• Hello again,

    we all wonder about compatibility when we update FOG to the last version and we don’t all have the time to search the forum for our brand or just inform people on forum of our solutions.

    Could it be possible to add a “send anonymous data” that would bring back usage of tftp files and boot exit type with which computers brands and series of the FOG users ?
    This could be store to a database that would give us a list of what tftp file choose and what boot exit type ?

    Thank you.

  • I’ve created a table in FOG that does, more or this, exactly what’s being requested.

    Because of this, for the most accurate of data, please use the proper filenames as it’s the best method I can come up with.

    If you’re interested in finding out what files work and such, hence the idea behind the generation of this table, rather than setting your dhcp filename option to undionly.kpxe, start out with ipxe.pxe. Test your systems, and find out if the systems can boot under ipxe.pxe.

    If they can, there’s little more you need to do.

    If not all your systems work, then try the undionly.kpxe file. The table will read the new file name and create a new entry if it makes it into the menu. If it doesn’t make it into the menu it won’t enter it.

    The basic construct of the table currently is:

    Product, Manufacturer, Boot file, and mac address.

    It will not keep making entries in the table for every mac address. It will only make new entries if the filename, product, and the manufacturer does not already exist.

    This way, let’s say you changed undionly.kpxe to ipxe, you may end up with an entry for the same model of system for multiple files.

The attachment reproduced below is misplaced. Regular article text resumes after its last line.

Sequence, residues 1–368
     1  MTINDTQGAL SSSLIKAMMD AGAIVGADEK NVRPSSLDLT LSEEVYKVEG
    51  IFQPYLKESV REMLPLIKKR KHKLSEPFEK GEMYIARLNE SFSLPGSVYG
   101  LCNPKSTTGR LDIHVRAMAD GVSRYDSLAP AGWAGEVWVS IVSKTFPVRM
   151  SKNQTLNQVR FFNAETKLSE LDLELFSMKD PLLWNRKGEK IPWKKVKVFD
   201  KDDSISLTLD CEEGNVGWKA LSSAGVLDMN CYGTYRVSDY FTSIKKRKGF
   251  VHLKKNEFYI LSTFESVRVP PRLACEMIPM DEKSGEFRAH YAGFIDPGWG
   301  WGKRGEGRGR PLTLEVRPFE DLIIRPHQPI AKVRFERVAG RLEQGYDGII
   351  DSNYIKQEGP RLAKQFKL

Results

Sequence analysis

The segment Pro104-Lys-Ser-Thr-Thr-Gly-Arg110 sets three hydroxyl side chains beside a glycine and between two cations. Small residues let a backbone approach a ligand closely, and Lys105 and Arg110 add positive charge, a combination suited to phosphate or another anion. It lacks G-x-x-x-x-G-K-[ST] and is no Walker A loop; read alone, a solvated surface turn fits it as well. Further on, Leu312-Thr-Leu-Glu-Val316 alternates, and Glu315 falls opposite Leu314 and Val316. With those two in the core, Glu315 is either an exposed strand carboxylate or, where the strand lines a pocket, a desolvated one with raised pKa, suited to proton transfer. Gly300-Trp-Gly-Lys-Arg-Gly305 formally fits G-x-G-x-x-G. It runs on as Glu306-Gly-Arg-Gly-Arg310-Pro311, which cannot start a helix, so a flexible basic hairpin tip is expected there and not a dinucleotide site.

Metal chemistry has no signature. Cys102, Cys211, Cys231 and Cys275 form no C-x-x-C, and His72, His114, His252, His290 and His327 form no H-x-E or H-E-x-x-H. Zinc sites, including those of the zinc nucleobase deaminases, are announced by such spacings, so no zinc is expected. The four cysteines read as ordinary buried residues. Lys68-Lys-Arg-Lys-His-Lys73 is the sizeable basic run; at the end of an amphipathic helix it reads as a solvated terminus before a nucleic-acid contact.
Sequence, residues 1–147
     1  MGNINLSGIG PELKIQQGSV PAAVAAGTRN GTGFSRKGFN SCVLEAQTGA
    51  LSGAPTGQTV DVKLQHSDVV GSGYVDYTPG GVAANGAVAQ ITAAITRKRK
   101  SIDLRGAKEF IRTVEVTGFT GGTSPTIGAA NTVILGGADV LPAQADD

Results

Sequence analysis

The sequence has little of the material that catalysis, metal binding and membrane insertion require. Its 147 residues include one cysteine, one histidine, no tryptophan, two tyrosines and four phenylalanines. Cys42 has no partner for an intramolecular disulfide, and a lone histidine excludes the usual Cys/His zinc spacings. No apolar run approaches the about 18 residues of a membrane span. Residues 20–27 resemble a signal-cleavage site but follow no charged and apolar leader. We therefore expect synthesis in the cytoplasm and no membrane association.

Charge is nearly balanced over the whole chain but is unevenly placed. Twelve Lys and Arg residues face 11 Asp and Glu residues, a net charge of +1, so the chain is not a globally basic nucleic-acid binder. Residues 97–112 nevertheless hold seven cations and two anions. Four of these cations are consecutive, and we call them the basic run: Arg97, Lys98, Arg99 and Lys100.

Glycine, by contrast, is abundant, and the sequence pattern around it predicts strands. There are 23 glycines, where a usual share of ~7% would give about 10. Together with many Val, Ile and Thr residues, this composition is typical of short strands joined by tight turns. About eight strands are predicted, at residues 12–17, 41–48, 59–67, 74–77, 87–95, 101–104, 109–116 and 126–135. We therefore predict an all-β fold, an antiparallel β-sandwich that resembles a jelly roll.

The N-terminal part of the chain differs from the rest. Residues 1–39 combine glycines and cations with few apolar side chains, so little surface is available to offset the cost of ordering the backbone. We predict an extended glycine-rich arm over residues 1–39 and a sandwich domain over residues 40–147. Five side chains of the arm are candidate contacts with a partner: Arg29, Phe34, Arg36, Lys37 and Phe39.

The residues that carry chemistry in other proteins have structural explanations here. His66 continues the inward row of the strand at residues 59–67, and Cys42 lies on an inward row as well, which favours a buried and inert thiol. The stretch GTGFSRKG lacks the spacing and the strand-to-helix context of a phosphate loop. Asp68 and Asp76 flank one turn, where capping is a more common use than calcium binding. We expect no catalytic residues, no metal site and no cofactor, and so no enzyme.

The ideology of this table is to eventually allow centralized place for fog and the ipxe team to better know what systems work and with which files.

    Of course, when this gets entered, it will be completely optional to send this data to us.

    Once we have the “central” table setup, the table will allow us (the developers) to hopefully code in what systems and what files to use for those systems.

    For example, if we know the ipxe.pxe works for the Dell ts1700, and you’re booting to undionly.kpxe, We can supposedly cause the undionly.kpxe to rechain to ipxe.pxe. This would allow better operation of the nic during the ipxe state.

  • Hmm… not sure it’s so easy to do, or maybe the Wiki compatibility table can be re used for that (not so “automatic”). But the anonymous data would provide a view of how it’s setup, not necessarily how it’s working 🙂

    For Dells, so far, the basic .ipxe thing works, and exit strategy “grub” allows all models (including the T1700) to properly boot on disk after ipxe’d…